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Interview: Karl Timmel CEO, VBV

Karl Timmel, CEO of Austria’s largest Pensionskasse, VBV, helped to set up the second pillar in the country more than two decades ago. He intends to retire in July but Barbara Ottawa suspects he might not leave the industry

It remains to be seen whether Karl Timmel will have more time to go sailing from July. By then he will have stepped down as CEO of the Austrian Pensionskasse VBV and the holding of the group also comprising the country’s largest provident fund (Vorsorgekasse).

Speaking to IPE about his time in the industry, he still seems eager to boost pension funds, ironing out a number of issues he has been fighting for years. And he will probably also get to do all that as he is staying on as an in-house consultant to the group.

At the end of last year, an overhaul to the board structure at the VBV group was announced: Gernot Heschl joined, taking on risk management responsibilities from January. He will also be the one to follow Timmel as CEO of the Pensionskasse from July. The position of CEO in the holding will be filled by Andreas Zakostelsky, chairman of the pension fund association FVPK and member of parliament for the conservative party (ÖVP). Prior to that he was CEO at Austria’s second largest pension fund Valida.

Timmel would really have liked to celebrate reaching €10bn in assets under management and he almost made it as the VBV group currently stands at just over €9bn. But the goal is “within reach” and it is “a good time for change”, he says. “I can still remember celebrating the first billion in Austrian schillings. That must have been in 1994.” (When Austria joined the euro-zone in 2002 the local currency was converted roughly 13 to 1.)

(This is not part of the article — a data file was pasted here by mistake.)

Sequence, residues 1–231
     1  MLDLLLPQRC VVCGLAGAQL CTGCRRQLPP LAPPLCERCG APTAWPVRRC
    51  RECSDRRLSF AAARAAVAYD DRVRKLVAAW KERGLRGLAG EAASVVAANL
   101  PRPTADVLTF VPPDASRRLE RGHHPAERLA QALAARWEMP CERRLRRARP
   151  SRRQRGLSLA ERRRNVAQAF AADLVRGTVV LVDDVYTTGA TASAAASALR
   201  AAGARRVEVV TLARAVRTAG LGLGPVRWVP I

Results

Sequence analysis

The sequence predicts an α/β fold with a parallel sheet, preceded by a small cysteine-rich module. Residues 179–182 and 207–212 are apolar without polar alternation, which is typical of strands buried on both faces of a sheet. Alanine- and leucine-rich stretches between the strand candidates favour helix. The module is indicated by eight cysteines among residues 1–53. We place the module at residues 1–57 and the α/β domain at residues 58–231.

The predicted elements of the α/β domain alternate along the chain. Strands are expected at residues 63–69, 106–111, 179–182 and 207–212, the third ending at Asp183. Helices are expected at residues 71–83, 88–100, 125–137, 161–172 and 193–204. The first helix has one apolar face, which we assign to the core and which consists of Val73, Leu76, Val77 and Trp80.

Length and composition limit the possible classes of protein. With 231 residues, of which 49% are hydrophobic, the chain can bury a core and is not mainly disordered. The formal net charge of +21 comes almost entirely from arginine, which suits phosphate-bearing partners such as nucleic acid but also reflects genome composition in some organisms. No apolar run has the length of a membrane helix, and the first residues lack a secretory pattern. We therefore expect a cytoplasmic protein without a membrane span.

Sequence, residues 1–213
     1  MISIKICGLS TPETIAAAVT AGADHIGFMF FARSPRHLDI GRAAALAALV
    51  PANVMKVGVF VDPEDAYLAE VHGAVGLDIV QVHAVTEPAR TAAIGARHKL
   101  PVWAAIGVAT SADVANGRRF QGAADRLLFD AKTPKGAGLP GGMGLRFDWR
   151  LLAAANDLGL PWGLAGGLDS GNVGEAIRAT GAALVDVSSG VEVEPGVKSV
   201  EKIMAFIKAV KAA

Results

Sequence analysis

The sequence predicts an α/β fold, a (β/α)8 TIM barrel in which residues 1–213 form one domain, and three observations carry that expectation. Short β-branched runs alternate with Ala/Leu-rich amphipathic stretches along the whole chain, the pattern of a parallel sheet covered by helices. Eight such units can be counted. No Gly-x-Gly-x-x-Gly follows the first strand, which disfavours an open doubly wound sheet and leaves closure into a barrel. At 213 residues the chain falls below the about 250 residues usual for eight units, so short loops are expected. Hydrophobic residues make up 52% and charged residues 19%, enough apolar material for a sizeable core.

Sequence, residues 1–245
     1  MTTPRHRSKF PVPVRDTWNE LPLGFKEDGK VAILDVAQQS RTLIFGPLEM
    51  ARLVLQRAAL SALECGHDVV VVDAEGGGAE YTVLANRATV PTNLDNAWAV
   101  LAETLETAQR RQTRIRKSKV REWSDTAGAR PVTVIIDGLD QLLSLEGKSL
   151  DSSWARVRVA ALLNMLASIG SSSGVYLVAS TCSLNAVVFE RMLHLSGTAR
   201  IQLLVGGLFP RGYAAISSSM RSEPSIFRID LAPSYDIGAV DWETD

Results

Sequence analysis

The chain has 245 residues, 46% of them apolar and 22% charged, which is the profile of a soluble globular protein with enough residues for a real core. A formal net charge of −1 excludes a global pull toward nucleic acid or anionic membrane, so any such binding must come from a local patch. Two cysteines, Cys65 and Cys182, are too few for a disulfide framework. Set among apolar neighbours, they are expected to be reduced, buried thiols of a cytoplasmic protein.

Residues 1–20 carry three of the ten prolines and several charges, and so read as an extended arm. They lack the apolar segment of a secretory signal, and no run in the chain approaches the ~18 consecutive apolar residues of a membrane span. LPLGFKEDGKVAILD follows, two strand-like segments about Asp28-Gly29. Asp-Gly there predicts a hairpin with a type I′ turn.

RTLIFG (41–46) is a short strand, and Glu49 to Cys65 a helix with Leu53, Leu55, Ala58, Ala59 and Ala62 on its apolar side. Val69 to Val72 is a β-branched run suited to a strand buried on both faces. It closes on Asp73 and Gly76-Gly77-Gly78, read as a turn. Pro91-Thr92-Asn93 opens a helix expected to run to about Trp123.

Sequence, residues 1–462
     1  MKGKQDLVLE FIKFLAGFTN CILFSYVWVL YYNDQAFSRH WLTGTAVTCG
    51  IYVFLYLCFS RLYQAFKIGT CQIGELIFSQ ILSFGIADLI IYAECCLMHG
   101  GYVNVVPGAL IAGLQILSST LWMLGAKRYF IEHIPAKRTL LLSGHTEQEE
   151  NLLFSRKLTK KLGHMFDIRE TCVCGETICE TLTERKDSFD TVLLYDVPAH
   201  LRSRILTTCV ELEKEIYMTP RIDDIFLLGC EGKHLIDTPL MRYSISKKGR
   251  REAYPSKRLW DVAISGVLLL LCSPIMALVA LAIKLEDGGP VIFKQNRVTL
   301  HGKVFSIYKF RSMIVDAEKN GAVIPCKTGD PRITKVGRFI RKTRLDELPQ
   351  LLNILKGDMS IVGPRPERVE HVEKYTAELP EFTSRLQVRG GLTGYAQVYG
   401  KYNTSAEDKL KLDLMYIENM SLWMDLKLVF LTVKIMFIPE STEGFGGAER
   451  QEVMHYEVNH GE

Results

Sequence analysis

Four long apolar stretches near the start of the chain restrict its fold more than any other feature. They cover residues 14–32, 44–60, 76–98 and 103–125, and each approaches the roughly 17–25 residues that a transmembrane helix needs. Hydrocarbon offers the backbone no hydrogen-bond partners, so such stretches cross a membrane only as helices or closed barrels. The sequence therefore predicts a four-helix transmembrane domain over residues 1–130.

karl timmel

At that time, the domestic Pensionskassen system was just four years old but Timmel, a trained banker, had been working on its introduction already prior to the law being passed. “I was working in the insurance sector and was selected to be part of a working group on funding pension promises together with representatives of banks, unions and large international corporations.”

The working group had been set up because the Austrian state-owned steel industry had previously decided to severely cut its supplementary pension promises as they were burning a hole in its books. Other companies then wanted to start funding their pension liabilities and unions agreed book reserves were not the solution.

Timmel confirms the basis for the Austrian negotiations was Switzerland where occupational pensions have a long tradition and in 1985 the neighbouring country had introduced a mandatory system. “We also looked at Germany and international companies like IBM and Unilever brought ideas from their home countries, the US and the Netherlands.” These two multi-national companies were also among the first to set up a company pension fund under the new Austrian system. Unilever has since outsourced its plan to a multi-employer provider but the IBM Pensionskasse is still up and running. “Eventually all corporate pension plans in Austria will use the services of a multi-employer provider because the regulations, the administration and the asset allocation have become too complex,” Timmel says. 

Some say a plane crash gave birth to the Austrian pension system: in late February 1989, Alfred Dallinger, then minister for social affairs, died in a plane that crashed into Lake Constance. His successor Walter Geppert was less opposed to the idea of introducing a funded pension system and the negotiations moved forward.